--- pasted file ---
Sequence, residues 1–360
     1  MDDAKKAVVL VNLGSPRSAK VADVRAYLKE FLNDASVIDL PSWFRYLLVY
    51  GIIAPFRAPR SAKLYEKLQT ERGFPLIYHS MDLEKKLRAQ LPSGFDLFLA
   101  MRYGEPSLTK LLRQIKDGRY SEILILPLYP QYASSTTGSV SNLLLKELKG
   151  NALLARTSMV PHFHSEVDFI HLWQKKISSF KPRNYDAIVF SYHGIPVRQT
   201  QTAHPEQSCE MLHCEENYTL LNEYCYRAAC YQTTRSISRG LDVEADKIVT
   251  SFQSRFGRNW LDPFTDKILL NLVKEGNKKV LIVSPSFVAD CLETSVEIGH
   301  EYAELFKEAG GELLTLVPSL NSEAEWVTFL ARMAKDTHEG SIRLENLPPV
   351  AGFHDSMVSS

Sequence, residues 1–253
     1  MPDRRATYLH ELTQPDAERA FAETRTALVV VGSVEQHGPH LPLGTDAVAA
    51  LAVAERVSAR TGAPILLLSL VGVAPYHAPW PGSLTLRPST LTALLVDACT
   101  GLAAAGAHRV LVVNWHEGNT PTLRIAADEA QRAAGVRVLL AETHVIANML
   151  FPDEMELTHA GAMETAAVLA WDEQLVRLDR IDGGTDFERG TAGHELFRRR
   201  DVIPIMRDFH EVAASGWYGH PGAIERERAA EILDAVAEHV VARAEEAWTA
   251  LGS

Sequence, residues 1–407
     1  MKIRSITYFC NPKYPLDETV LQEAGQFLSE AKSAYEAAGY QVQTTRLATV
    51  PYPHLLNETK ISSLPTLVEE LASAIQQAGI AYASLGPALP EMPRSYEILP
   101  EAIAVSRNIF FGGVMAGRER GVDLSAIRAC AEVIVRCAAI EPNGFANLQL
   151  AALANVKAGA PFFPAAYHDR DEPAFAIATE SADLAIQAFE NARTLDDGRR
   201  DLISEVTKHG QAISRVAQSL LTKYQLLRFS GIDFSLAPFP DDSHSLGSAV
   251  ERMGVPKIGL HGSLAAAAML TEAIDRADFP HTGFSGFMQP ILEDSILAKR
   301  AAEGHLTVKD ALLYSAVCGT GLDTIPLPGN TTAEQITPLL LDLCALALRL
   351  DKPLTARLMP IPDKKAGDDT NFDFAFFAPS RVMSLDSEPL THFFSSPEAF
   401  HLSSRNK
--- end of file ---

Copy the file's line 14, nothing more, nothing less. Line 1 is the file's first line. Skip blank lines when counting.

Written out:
   151  FPDEMELTHA GAMETAAVLA WDEQLVRLDR IDGGTDFERG TAGHELFRRR